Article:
Of course there are many more things to take note of on the map, but one of the rather interesting things is that there's a bonfire - and also what appears to be a log - on the beach. In the final version of the game, placing Public Works Projects on the beach is impossible, as Isabelle will not let you go down there. However, through several glitches, you can actually glitch Isabelle onto the beach, where she'll say you can't build anything here as it's too close to the cliff or water. It's still impossible to build anything on the beach, however this does seem to indicate that at one point it was indeed planned to be able to build projects on the beach.

There's a few more pieces of concept art, but they mainly shows off how early designs for villagers and furniture items.

After a long wait the game finally released in November 2012 in Japan, and then the following June for the rest of the world. With most games, once the game released that usually marks the end of any BETA elements, but in November of 2015 New Leaf gained the Welcome amiibo update, which has many more cut elements hidden in its contents, the most interesting being a bunch of unused item names. Many of these are simply clothing and furniture items, such as matoryosikas and dharmas, but there are a few that stick out, such as a frying pan that could be used as a tool (possibly as a gag item similar to the hammer), as well as a smartphone item. What these items could have been used for is impossible to say, but since Pocket Camp was originally slated to connect with Animal Crossing on dedicated gaming systems, it is very possible the Welcome amiibo update was to release alongside Pocket Camp, before the mobile app got delayed. There's also a bunch of OK Motors clothing and items in the games text, including the cap and top which got used in Pocket Camp, and two unused furniture items listed as "garland" and "sign".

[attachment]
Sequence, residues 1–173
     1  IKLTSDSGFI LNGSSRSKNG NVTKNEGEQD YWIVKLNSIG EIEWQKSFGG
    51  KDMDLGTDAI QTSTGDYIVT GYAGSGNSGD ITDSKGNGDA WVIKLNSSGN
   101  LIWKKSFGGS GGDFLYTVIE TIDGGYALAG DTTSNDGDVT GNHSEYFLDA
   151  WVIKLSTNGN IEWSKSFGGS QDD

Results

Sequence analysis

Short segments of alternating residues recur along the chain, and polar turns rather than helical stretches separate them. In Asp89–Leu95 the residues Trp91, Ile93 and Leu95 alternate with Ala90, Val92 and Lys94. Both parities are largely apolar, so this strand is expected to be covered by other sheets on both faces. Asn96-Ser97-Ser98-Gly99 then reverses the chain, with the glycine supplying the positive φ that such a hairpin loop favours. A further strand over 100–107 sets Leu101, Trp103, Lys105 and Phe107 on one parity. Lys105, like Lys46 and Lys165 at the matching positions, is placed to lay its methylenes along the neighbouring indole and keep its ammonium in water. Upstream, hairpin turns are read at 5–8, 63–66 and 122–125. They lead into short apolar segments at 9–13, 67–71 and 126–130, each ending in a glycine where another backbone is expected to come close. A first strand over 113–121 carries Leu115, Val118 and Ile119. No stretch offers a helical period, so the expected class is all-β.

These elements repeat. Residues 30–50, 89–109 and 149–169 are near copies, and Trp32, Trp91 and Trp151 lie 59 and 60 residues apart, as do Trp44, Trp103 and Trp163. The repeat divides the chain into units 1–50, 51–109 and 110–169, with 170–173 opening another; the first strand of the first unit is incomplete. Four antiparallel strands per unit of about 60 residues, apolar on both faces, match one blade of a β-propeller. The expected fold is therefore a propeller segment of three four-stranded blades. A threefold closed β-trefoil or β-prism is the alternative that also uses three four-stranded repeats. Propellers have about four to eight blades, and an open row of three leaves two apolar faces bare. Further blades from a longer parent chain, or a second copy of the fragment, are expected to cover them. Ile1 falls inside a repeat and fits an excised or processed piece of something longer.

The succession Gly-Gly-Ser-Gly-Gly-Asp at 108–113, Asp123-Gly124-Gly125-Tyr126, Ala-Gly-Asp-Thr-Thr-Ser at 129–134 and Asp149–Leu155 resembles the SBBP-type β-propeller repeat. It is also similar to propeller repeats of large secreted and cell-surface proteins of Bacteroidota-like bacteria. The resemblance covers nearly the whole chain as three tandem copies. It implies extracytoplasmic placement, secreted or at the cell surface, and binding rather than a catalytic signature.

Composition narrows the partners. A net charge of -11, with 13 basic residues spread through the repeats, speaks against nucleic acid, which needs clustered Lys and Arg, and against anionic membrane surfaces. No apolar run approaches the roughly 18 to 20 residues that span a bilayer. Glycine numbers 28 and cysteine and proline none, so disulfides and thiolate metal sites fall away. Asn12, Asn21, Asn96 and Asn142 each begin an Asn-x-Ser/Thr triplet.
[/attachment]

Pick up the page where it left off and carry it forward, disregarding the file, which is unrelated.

The OK Motors camper van was also slated to make an appearance, and would appear randomly as a daily camper, inhabited by Giovanni. His model exists in the game, however it just turns out to be a model of Isabelle. Melodies for Beppe and Carlo had also been prepared, and it seems this would be where you would be able to order the aforementioned OK Motors items, before Pocket Camp was delayed. A texture for the camper van was found in the files of Pocket Camp.

And finally that wraps up our Deep Dive series of all the mainline Animal Crossing games. If there's anything that we've missed in any of these posts, please feel free to let us know in the comments. If you'd like to check out our Deep Dive on the original title, please click here, and to check out our Deep Dive on Wild World and City Folk, click here. Here's to the development cycle of the Switch title. Until next time, cya!